Philip Havers QC and Neil Sheldon appeared for the Crown Prosecution Service (CPS) in SXH v CPS. The Supreme Court held that Article 8 of the Convention did not apply to the CPS’s decision to prosecute.

Philip and Neil were instructed by the Government Legal Department.

The case involved the CPS’s decision to prosecute an individual who had used a false identity card to enter the UK, where she applied for asylum. The appellant claimed that the decision was a violation of her rights under Article 8 of the Convention. The Supreme Court refused her appeal.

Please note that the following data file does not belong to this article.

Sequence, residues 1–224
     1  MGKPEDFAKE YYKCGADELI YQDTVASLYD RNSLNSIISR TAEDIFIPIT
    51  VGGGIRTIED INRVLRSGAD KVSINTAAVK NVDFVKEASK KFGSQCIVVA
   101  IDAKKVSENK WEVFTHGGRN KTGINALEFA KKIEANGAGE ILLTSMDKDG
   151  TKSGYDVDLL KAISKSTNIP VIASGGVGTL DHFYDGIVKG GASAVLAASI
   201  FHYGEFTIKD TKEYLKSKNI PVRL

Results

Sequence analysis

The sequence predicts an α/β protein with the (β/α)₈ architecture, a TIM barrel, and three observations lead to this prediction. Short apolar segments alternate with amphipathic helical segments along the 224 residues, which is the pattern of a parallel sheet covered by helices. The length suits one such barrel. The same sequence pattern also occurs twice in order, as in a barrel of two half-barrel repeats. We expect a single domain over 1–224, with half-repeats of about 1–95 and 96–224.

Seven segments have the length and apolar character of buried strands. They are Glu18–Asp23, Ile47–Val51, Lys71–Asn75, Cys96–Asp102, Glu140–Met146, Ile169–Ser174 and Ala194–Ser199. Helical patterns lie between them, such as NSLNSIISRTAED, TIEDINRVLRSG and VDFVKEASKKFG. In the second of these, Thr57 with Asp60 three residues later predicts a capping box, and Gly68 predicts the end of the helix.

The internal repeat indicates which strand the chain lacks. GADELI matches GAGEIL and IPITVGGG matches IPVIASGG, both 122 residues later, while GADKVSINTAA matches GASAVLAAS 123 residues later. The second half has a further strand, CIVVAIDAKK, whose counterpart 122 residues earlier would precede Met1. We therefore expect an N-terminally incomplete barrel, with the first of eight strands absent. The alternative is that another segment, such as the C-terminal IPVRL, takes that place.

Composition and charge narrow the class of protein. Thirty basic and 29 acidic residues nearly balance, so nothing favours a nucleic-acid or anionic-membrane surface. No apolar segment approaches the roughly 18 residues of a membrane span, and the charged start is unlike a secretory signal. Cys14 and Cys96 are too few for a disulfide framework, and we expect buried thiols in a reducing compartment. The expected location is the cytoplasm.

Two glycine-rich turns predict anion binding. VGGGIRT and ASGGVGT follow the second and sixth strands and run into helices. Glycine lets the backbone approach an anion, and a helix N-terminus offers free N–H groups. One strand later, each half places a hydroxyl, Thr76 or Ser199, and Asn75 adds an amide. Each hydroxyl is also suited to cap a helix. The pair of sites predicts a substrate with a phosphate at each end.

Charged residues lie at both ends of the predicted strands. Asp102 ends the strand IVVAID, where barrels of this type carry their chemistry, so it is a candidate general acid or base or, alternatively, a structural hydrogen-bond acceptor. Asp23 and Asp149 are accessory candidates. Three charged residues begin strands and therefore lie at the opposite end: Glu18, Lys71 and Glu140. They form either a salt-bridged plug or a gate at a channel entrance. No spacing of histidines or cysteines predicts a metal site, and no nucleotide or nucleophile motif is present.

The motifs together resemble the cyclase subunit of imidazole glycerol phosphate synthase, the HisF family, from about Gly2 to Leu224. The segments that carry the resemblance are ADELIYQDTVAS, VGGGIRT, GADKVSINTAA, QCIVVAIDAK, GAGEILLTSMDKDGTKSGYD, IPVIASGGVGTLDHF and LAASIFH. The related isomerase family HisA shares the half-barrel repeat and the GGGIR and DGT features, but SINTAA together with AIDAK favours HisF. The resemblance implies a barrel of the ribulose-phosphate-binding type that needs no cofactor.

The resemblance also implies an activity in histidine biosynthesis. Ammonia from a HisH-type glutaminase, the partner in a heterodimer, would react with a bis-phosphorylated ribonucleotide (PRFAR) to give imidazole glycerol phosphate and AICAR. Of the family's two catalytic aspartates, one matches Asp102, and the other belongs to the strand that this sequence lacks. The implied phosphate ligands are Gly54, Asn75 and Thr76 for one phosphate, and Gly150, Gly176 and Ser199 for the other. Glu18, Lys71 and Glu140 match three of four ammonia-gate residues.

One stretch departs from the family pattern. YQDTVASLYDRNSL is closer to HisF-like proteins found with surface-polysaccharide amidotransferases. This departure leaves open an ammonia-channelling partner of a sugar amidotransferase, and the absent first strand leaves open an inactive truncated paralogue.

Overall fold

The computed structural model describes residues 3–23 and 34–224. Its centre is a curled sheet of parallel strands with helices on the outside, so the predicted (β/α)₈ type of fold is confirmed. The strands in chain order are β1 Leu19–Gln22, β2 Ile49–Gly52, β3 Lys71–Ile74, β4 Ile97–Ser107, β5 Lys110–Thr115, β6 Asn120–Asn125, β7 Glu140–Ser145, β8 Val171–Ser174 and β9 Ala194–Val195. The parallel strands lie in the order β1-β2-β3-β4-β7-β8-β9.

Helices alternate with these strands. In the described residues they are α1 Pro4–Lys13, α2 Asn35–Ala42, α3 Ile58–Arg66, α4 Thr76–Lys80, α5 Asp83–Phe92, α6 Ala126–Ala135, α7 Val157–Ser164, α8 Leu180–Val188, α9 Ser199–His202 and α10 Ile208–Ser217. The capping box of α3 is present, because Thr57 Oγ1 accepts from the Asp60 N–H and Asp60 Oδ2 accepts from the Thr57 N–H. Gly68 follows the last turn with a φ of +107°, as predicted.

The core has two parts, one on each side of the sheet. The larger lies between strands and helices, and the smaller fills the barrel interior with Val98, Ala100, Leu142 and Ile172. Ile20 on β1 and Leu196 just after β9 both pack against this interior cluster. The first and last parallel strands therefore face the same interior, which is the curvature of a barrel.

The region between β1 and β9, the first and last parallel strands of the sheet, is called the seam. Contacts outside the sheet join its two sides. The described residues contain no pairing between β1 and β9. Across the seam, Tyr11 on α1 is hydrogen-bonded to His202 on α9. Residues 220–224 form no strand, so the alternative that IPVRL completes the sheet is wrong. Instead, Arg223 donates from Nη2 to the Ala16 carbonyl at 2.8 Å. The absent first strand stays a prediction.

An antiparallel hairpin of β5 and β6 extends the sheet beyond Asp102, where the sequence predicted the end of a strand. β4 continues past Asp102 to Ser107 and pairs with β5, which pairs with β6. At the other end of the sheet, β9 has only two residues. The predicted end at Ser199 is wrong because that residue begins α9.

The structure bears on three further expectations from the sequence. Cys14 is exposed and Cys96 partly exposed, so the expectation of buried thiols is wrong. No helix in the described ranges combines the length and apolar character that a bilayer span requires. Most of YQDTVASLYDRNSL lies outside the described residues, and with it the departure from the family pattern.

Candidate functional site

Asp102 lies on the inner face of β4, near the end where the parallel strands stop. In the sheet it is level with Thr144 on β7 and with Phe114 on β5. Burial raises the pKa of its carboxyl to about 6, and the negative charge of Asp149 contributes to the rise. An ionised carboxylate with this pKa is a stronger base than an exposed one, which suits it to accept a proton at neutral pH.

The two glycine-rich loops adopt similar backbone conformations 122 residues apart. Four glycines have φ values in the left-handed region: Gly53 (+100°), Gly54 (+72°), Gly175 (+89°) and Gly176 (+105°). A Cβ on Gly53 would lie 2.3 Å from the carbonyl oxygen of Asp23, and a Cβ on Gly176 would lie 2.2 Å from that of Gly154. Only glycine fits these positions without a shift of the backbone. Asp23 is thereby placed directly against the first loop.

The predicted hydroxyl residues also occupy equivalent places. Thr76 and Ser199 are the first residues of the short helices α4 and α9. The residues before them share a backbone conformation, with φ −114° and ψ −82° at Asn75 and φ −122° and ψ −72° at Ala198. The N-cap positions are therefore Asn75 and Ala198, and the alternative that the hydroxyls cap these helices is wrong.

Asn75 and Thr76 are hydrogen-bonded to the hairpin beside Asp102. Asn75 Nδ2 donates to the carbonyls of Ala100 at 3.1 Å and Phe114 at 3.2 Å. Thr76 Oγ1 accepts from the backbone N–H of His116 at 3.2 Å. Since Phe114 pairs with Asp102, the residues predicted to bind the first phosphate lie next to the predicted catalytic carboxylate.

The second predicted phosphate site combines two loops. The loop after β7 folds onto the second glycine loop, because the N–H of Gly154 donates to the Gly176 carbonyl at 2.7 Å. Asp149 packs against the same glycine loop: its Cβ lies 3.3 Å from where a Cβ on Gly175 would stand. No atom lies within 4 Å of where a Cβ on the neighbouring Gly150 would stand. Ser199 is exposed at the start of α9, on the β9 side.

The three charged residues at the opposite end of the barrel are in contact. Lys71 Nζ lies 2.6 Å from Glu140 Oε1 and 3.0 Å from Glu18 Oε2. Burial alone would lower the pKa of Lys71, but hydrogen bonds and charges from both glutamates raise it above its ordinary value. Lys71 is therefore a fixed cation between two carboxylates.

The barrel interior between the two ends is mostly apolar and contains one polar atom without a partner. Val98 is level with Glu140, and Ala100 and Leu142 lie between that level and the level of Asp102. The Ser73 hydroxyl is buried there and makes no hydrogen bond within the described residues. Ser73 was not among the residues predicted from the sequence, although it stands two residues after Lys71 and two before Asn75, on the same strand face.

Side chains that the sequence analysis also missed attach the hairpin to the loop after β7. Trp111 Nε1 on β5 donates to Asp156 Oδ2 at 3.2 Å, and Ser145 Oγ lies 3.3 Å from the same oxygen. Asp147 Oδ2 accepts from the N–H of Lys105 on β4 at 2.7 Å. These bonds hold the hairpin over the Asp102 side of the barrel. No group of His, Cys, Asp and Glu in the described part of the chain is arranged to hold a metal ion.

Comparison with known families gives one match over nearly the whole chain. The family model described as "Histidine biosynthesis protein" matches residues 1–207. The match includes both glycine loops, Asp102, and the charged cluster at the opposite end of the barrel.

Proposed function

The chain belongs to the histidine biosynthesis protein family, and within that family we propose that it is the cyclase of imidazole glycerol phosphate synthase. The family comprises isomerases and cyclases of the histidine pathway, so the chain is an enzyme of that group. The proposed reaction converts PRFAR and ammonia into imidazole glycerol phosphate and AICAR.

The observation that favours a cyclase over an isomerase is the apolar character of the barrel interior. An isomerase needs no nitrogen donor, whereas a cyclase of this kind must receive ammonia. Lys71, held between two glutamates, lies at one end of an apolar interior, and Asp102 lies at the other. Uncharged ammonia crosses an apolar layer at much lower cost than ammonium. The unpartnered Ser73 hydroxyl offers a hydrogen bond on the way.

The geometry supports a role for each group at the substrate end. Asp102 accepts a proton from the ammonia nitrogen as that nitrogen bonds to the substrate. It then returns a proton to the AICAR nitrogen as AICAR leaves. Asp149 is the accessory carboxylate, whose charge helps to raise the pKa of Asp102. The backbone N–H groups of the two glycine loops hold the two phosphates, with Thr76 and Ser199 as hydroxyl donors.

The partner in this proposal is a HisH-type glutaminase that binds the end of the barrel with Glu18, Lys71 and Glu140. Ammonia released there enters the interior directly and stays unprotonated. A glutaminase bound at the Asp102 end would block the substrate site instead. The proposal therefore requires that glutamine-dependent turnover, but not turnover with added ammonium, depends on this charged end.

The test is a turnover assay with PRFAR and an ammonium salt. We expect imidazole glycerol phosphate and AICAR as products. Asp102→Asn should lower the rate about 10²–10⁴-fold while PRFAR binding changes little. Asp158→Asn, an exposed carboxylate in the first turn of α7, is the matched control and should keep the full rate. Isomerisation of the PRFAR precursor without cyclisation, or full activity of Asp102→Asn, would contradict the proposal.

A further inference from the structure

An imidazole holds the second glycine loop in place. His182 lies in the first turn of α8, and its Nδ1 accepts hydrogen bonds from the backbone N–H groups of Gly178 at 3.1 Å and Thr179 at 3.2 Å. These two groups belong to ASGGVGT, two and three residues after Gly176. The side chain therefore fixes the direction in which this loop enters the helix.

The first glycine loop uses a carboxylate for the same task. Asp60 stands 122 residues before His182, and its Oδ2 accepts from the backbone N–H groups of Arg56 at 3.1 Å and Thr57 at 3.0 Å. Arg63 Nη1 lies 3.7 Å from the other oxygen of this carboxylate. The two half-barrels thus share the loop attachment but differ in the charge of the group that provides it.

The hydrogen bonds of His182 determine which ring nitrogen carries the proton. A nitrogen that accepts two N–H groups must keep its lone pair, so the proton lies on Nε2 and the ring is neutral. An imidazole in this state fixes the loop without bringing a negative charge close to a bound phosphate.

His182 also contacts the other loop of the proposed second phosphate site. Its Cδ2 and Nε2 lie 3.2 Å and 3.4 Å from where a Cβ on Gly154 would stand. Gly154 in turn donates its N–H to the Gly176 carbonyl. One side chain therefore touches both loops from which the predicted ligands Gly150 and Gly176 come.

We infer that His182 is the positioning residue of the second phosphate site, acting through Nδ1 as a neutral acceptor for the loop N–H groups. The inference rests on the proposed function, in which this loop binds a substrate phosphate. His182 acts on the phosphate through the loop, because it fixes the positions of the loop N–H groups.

Although Article 8 is broad, it is not so broad as to encompass everything done by a public authority which has affects someone’s private life, and there was no Strasbourg or domestic authority to support the argument that a prosecutorial decision may be open to an Article 8 challenge.

Lord Toulson considered that it was “difficult to envisage circumstances in which the initiation of a prosecution against a person reasonably suspected of committing a criminal offence could itself be a breach of that person’s human rights”. Even if Article 8 had been engaged, it would not have been breached. The CPS owes a duty to the public, not to the individual, and a decision to prosecute does not of itself involve a lack of respect for individual autonomy, rather, it puts the question of guilt before a court.